Collection

Jacob Lawrence. The migrants arrived in great numbers. 1940-41

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Casein tempera on hardboard, 12 x 18" (30.5 x 45.7 cm). Gift of Mrs. David M. Levy. © 2019 Jacob Lawrence / Artists Rights Society (ARS), New York

Director, Glenn Lowry: The artist, Jacob Lawrence, interviewed in 1998, in San Francisco.

Artist, Jacob Lawrence I worked very fast. From the concept and the drawings to the completion of the works, oh that may have taken six to eight months, something like that. I had a very simple palette. I went through all the panels painting yellows, greens, blues, so they’re all the same. I didn’t mix color. I left it pure, as it was, cause I wanted the series to be a unit. I consider it one work, not 60 works.

Glenn Lowry: Chief Curator of the Department of Painting and Sculpture, Ann Temkin.

Curator, Ann Temkin: It is a series that he made at the beginning of the 1940s when he was living in Harlem and very aware of the great difference that the immigration of blacks from the south to the cities of the north in the 19-teens and ‘20s had made. He himself was the son of parents who had come up from the south, so it had very personal meaning to him.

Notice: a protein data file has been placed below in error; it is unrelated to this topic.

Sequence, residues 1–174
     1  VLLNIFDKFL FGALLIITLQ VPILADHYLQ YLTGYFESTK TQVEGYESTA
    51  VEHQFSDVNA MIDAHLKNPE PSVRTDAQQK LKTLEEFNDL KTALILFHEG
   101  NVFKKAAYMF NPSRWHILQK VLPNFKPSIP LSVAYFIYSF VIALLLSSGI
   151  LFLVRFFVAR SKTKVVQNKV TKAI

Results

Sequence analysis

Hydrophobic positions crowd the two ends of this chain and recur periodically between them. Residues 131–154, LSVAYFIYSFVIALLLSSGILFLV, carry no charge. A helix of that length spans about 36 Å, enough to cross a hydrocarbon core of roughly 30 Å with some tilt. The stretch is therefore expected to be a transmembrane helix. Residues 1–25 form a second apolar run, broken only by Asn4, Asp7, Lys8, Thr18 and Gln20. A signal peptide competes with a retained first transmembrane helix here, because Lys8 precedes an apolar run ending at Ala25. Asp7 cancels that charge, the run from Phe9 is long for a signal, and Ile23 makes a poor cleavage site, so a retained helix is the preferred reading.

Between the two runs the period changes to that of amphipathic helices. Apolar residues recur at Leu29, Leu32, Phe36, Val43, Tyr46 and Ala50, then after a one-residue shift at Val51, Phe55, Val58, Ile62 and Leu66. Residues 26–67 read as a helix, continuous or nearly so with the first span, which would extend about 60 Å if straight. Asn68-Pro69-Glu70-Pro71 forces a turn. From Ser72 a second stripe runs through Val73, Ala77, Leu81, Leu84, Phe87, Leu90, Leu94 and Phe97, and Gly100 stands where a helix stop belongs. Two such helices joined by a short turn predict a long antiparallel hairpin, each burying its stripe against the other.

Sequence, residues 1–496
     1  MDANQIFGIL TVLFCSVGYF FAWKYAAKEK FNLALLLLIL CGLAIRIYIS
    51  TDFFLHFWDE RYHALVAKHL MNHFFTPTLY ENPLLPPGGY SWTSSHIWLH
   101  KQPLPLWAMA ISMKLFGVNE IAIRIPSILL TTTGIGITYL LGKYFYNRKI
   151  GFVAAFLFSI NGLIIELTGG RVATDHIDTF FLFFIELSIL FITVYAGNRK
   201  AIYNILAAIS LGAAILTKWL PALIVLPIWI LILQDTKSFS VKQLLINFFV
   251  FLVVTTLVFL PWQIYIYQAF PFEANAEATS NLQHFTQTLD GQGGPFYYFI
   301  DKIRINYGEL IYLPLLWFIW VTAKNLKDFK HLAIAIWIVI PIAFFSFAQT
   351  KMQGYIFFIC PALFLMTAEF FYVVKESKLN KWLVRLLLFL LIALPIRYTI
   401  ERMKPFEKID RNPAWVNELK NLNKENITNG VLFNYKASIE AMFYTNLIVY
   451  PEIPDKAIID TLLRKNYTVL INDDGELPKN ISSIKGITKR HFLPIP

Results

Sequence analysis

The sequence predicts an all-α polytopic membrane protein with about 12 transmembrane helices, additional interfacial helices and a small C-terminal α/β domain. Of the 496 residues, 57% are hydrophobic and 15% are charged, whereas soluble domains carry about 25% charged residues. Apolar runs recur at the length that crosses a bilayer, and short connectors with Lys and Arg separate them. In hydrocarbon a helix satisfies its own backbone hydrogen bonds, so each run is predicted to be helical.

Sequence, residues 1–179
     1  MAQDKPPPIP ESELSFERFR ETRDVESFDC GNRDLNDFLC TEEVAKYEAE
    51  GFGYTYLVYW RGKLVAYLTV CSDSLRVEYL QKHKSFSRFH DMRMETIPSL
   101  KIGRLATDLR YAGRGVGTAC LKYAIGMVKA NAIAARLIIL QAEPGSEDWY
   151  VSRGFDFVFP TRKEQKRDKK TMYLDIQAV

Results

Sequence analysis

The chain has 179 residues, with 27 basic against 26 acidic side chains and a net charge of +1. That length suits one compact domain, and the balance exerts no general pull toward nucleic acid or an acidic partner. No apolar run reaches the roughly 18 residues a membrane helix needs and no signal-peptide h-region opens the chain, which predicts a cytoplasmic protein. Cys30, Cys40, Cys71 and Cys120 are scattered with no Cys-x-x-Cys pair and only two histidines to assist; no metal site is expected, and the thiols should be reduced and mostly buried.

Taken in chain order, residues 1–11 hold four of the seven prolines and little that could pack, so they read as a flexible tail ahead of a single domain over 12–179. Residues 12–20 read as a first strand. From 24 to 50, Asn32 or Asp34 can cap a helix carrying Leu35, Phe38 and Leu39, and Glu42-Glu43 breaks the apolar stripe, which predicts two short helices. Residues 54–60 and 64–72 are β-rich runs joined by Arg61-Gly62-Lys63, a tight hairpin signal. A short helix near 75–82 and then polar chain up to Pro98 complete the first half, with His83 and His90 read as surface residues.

It’s interesting to imagine him working on all of the panels simultaneously, filling in all the red that would be everywhere, then all the green that would be everywhere, then the brown. How he kept in his head what was going to work in each composition is really mind-boggling.

There’s a celebration of color, of a kind of sound, as much as sight, in the exuberance of these paintings. The power of the story, of having an oral tradition passed down from generation to generation, the story of a people, this was something that would have been extremely vital to his own lived life, and I think his ability to merge that so beautifully with the language of modern art is something that makes him so great.

Casein tempera on hardboard, 12 x 18" (30.5 x 45.7 cm). Gift of Mrs. David M. Levy. © 2019 Jacob Lawrence / Artists Rights Society (ARS), New York
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